Neela Vermeire, a perfume lover herself, started her perfume house in 2011 in France. All her five perfumes are created and produced in France and have received very positive online reviews. The three first creations were Trayee, Mohur and Bombay Bling . They were made as a tribute to a different era in Indian history, the Vedic period, the Moghul British Raj period and modern India. Neela Vermeire perfumes were developed in cooperation with the perfumer Bertrand Duchaufour. Being honest, I have no connection to India, Indian food or Indian scents and was not interested at first. But as the positive reviews continued, I wanted to try the perfumes for myself. At this moment I am very glad I did.
Three samples were sent to me by Neela Vermeire with a personal hand written note which was very thoughtful. The three perfumes were Bombay Bing, Trayee and Mohur. Mohur got most of my attention as it is a rose perfume. Rose perfumes are one of my favorites but many times they are not intriguing enough. Some rose perfumes can be a bit boring if they are very linear and only smell like light roses as Jo Malone Red Roses. But Mohur is a very interesting oriental multifaceted rose perfume. My first impresion was of a very sophisticated, refined and feminine perfume. These notes are listed on the official website: cardamom, coriander, ambrette, carrot, black pepper, elemi, rose, jasmine, orris, aubepin flower, almond milk, violet, orris, leather, sandalwood, amber, white woods, patchouli, oudh, benzoin, vanilla and tonka bean. Personally I smell saffron as well but this is not mentioned.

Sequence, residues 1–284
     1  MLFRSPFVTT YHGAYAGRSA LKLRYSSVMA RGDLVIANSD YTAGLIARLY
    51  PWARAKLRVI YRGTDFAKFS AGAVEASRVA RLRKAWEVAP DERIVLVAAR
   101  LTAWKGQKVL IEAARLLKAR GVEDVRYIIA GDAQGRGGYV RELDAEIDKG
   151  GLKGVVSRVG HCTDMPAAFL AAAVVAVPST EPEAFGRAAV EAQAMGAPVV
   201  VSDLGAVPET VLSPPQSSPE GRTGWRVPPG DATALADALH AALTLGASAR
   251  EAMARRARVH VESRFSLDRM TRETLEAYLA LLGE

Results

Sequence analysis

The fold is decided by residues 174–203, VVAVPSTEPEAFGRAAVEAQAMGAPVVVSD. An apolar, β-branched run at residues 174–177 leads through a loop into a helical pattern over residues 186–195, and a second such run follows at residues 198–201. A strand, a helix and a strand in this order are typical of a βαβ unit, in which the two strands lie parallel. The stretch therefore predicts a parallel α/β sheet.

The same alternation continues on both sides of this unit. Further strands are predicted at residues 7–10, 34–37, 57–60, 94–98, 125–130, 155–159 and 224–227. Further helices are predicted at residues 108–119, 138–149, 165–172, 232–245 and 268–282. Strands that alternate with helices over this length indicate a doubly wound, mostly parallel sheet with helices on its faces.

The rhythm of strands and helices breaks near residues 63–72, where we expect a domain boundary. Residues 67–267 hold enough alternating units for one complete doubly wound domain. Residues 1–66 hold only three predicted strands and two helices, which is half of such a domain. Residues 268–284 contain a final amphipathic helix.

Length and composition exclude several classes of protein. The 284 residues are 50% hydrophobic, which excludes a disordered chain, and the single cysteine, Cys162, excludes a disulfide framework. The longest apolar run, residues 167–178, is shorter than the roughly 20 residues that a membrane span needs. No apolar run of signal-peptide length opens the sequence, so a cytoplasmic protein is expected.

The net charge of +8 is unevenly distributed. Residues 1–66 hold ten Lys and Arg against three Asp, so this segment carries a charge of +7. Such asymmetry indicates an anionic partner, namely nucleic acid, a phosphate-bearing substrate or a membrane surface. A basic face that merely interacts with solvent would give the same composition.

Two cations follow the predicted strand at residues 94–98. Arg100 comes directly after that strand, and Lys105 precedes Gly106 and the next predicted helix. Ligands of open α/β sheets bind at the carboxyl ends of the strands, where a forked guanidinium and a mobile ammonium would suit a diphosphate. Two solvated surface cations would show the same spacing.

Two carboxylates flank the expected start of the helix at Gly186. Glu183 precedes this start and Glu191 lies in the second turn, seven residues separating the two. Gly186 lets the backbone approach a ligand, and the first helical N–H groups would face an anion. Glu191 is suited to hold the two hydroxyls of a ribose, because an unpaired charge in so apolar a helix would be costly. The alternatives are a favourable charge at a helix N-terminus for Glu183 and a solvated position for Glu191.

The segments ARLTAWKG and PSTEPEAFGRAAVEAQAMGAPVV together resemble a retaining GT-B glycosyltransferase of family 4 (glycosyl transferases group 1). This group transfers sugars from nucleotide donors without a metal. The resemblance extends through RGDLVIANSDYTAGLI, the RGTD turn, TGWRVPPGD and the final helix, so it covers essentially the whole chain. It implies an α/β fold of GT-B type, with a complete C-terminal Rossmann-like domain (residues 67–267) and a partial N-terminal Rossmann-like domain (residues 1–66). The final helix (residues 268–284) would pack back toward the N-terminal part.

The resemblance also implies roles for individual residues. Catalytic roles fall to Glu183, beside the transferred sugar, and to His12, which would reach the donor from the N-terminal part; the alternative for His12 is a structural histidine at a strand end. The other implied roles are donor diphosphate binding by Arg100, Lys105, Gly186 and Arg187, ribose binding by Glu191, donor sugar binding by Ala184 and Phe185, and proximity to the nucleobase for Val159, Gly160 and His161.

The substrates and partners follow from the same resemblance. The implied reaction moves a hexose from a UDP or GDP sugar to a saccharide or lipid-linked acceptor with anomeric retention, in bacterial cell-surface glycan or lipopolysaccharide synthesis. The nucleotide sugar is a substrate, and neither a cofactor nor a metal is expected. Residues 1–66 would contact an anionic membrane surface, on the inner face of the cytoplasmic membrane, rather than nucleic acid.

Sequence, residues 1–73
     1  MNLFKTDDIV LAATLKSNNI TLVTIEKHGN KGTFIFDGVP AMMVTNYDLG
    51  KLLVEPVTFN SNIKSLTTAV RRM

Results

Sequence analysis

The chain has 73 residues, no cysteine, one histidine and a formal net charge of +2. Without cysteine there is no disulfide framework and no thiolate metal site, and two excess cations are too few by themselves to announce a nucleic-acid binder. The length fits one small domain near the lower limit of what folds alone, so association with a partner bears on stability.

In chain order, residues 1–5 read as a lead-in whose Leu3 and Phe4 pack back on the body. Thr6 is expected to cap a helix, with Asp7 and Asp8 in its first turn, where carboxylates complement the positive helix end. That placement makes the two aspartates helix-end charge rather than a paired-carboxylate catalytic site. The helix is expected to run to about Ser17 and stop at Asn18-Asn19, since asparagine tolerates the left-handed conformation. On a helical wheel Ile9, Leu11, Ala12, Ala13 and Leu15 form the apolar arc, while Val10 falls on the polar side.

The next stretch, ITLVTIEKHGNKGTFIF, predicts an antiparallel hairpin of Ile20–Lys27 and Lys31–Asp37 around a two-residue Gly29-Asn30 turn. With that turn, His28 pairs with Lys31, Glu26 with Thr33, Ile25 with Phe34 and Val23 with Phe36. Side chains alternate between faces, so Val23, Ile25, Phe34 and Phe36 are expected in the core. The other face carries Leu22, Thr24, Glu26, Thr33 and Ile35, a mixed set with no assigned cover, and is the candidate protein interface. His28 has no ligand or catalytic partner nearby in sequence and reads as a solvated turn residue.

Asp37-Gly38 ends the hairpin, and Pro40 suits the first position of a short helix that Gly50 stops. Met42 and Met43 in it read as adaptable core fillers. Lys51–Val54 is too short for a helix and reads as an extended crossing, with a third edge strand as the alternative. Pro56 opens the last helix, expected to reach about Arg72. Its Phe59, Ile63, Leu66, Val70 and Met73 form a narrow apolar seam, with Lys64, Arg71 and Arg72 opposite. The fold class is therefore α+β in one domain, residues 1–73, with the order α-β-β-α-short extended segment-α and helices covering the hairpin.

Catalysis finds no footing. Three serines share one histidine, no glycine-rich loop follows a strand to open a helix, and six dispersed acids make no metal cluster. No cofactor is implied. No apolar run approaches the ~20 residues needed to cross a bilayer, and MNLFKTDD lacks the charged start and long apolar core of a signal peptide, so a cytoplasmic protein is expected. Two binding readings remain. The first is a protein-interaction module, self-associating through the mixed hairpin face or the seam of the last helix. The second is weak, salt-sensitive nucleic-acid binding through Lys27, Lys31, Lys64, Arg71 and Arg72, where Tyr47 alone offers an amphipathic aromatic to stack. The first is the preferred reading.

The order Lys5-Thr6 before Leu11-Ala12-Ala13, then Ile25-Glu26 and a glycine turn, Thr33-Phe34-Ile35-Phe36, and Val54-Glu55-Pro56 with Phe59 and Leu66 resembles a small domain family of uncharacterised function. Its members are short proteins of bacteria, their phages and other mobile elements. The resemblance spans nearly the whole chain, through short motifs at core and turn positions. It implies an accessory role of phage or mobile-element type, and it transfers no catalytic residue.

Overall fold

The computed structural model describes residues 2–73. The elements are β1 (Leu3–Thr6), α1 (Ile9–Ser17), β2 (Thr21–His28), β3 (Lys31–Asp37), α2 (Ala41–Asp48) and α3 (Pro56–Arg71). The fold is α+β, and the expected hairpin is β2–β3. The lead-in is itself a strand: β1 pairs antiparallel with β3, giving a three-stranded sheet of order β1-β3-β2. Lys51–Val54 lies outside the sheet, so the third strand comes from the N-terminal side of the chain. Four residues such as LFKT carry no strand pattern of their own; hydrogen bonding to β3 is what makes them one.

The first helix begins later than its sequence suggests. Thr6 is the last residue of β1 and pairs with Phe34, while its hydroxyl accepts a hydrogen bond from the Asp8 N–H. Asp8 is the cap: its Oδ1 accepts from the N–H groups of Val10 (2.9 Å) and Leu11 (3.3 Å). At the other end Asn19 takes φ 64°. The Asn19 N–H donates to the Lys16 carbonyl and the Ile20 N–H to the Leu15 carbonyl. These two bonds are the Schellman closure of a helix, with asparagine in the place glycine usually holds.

Oudh was quite in fashion several years ago in perfumes as you might know and many perfume houses came up with their own oudh versions. You have to get used to the note of oudh as it can be quite harsh at times. Mohur is a very good start if you want to start appreciating oudh. The oudh note is not harsh or dominant but refined, soft and well blended into the perfume.
Oudh was used in Mohur because it was a key ingredient in perfumes in the Moghul British Raj era. Mohur was created as a tribute to the empress and perfumer Noor Jahan and to the Mohur coin under British rule, the Moghul and British Raj period. Personally I thought this to be a bit confusing, a tribute to different periods. Noor Jahan was one of the most influential women of her time living from 1577 to 1645. She was the favorite wife of Moghul emperor Jahangir. He gave her the title of Noor Jahan, which means Light of the world. During the emperors reign Noor Jahan had the true power behind her husband as he often was not able to reign due to substance addiction. After his death Noor Jahan was confined comfortably where she spent her time making perfume.